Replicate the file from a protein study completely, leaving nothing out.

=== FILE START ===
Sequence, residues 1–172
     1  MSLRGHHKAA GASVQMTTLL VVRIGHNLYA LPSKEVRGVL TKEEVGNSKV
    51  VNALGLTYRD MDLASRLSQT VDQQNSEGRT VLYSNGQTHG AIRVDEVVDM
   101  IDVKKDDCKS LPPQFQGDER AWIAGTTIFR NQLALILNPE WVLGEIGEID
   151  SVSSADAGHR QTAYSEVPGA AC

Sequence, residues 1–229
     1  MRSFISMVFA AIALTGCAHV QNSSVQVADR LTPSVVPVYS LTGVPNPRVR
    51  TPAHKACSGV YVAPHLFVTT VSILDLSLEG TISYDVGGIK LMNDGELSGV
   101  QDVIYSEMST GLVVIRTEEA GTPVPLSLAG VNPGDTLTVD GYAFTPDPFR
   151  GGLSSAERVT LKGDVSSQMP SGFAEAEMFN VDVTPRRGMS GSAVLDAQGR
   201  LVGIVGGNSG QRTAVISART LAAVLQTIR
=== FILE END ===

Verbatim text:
Sequence, residues 1–172
     1  MSLRGHHKAA GASVQMTTLL VVRIGHNLYA LPSKEVRGVL TKEEVGNSKV
    51  VNALGLTYRD MDLASRLSQT VDQQNSEGRT VLYSNGQTHG AIRVDEVVDM
   101  IDVKKDDCKS LPPQFQGDER AWIAGTTIFR NQLALILNPE WVLGEIGEID
   151  SVSSADAGHR QTAYSEVPGA AC

Sequence, residues 1–229
     1  MRSFISMVFA AIALTGCAHV QNSSVQVADR LTPSVVPVYS LTGVPNPRVR
    51  TPAHKACSGV YVAPHLFVTT VSILDLSLEG TISYDVGGIK LMNDGELSGV
   101  QDVIYSEMST GLVVIRTEEA GTPVPLSLAG VNPGDTLTVD GYAFTPDPFR
   151  GGLSSAERVT LKGDVSSQMP SGFAEAEMFN VDVTPRRGMS GSAVLDAQGR
   201  LVGIVGGNSG QRTAVISART LAAVLQTIR